Note: there are three parts (A, B and C) in this short story. The Waka (B part) was read within and a part of the story.
Waka: Omoiizuya omoizoizuru harusameni namidatorisoe nureshisugatawo.
(“The Tales of Ima”, ep29 / source: Sumito Miki “Imamonogatari translation with notes”, Kodansha 1998. 10)
Translation into modern Japanese
A female servant, who used to pay regular devotional visits to the Kamo shrine (*see Note below) but stopped to do so (these days), saw a dream. The dream was about she received a piece of cotton cloth, on which something was written, from a formally dressed high class man. The writing was a Waka poem.
Do you remember me? I remember you well. You came to my shrine in a drizzle of spring rain and your face was covered with tear as well as the rain. (I miss you, so come to visit me again.)
She read the poem in her dream and woke up. She was deeply moved and noticed something in her hand. When she looked at, it was the piece of cotton cloth (just like the one which she saw in her dream) with thirty one ink (dots) marks on it. She could not hold her tears as it was so holly and significant.
(*) Note: Kamo shirine (Jinja) was built at Ohmihachiman-shi (Shiga province) in Nara era by Emperor Shomu. Details: http://kamo-jinjya.or.jp/publics/index/8/
Detailed explanation of the contents
She would have served at the Imperial Court or at a nobleman's house. She used to go to Kamo shrine (it doesn't say it was either Kami-gamo or Shimo-gamo shrine) in tears as she had some hardship or sadness to cry and wanted to pray to the Japanese god for help. Then her wish came true to be happy and then she hardly needed to go to pray – that is the background scenario. Well, this could happen as people usually turn to God only in trouble.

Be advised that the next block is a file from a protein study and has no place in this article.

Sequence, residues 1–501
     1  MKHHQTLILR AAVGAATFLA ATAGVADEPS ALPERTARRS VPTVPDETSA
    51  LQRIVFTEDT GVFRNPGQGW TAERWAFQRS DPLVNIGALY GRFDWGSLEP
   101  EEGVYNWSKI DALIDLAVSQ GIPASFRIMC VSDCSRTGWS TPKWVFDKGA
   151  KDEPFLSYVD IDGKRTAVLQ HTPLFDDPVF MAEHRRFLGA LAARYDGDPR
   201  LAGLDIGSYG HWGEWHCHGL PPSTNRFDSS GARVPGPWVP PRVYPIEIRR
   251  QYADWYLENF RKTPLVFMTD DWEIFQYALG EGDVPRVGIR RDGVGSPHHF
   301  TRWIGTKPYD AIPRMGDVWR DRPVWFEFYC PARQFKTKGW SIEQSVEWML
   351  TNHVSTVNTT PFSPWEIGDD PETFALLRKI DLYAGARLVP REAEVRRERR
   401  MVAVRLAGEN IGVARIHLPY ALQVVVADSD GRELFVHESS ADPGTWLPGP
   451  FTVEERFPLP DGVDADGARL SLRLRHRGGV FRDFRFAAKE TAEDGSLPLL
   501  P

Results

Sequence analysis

The god was the one who missed her (in the old time). However, the god does not say something like: ¨ Wasn't it me who made you happy? What the return? Why don't you thank me?” instead, he appears in her dream and handed her the piece of cotton on which ¨do you remember the old time when you used to come to my shrine? I remember you well and am still thinking about you” was written. When the woman woke up by the dream, it was a real she hold something, which was just like the one in her dream, in her hand. There was no Japanese characters on it but there were 31 ink dots on it – Waka is formed with 31 Japanese characters. In the dream, the god, maybe it was a servant of the god, appeared and send her the poem. It was not just a dream but for the proof of his appearance, he gave her the cotton cloth. She could not stop her tears falling as she was so moved by this phenomenon (memory) which was enforced by the cotton cloth in her hand.
Now what she actually was moved by? I think she was moved by this paranormal but holly phenomenon (actual cotton cloth given by the god in her hand), but also she was moved by the kindness of the god who made the crying woman to be happy as she wished, and he says ¨I miss you” without any blame on her not visiting him. I also like you to pay attention on the god only remarked her crying and wet appearance in the spring rain was graceful, referring to the woman's past when she was in some kind of trouble which was not very pleasant to remember,
Not all (Japanese) gods are kind like this case, but there are some gods who punish people for bad acts. Within those gods, the god at Kamo shrine's words: ¨come to show your happy appearance” must have left unforgettable impression in her mind.
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